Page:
Thus Computer Art may be regarded in a similar light to other artforms that cross the boundary between physical and symbolic, like dance and music. The instructions making up the computer image can only be executed by the computer, unless realised in material form in which case they have departed the computer’s realm and now exist independently of it, in the physical world. This section has mainly examined the actions of artists using the graphical interface, but the activities of artist-programmers are equally skilful, in a very different way.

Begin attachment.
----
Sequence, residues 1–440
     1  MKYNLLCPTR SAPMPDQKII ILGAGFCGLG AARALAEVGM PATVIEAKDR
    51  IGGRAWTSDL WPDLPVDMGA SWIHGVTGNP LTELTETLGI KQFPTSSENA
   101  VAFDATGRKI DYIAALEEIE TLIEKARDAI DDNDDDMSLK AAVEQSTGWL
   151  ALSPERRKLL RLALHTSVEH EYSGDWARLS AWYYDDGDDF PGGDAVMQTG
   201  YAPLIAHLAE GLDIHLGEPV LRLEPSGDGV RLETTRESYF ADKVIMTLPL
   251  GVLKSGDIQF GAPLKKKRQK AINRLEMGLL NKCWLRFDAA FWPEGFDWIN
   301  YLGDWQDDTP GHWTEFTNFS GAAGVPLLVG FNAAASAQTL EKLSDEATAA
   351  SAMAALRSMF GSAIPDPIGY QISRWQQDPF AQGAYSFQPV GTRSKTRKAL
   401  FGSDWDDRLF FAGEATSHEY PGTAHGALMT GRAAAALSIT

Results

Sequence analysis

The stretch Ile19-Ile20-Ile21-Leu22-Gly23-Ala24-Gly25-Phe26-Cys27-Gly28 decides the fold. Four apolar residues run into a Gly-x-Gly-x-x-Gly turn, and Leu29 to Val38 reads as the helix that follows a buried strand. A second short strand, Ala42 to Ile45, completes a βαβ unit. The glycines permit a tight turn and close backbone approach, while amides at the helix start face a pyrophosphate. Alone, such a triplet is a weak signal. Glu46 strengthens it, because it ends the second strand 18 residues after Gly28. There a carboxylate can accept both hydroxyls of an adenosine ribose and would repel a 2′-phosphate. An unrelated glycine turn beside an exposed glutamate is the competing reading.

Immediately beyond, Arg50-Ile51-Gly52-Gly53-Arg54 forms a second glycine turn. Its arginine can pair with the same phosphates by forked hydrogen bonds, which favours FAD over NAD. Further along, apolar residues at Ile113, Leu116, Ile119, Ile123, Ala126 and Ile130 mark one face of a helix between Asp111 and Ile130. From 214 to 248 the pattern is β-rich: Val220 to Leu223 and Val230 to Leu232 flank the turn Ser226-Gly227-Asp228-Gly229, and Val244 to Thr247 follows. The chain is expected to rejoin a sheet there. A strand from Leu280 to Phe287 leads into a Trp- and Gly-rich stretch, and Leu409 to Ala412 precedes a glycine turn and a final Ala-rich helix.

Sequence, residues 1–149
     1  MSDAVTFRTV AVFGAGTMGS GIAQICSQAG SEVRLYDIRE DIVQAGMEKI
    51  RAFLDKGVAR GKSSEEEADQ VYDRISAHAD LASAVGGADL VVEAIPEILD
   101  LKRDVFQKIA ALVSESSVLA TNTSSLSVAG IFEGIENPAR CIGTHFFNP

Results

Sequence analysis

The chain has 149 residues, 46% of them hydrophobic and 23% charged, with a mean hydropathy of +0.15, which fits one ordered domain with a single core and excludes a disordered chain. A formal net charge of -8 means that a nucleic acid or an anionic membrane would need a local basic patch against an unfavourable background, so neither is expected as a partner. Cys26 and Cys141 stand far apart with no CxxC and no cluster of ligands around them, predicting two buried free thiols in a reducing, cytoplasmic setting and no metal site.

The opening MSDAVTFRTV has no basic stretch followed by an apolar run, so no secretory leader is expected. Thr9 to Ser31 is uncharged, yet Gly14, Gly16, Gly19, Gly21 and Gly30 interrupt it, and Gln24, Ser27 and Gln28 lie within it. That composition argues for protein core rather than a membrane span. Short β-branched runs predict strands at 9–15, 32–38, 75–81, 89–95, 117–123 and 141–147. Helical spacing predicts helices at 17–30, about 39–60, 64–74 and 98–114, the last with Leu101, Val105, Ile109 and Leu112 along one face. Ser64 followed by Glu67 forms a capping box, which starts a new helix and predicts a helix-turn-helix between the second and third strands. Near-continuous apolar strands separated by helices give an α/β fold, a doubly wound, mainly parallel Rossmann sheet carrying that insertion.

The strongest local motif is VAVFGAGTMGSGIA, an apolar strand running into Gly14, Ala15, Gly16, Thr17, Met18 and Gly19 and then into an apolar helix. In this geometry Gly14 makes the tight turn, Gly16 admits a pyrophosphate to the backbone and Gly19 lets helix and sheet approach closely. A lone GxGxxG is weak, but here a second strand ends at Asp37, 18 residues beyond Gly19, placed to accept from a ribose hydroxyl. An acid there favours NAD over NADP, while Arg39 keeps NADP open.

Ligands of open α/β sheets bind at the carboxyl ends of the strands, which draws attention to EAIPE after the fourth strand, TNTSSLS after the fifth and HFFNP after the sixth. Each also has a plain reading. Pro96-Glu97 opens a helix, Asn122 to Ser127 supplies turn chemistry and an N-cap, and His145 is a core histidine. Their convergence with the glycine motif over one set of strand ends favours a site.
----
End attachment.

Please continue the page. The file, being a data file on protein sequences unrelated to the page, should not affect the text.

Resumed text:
[1] Correspondence with Catherine McIntyre and Martin Kemp, Nov 2000

[2] Yuan-Lin Mao, “Computer Art and Creative Tool Making” MIT Master of Science in Visual Studies Thesis, 1985, p4

[3] Malcolm McCullough, Abstracting Craft, p24

[4] The Computer in Art Jasia Reichardt (London 1971) p89

[5] Snap to Grid: A User’s guide to digital arts, media and cultures  Peter Lunenfeld (Cambridge, Mass.  2000) pxvi

[6] Peter H. Karlen, “Art in the Law”, Leonardo, Vol.14, p.51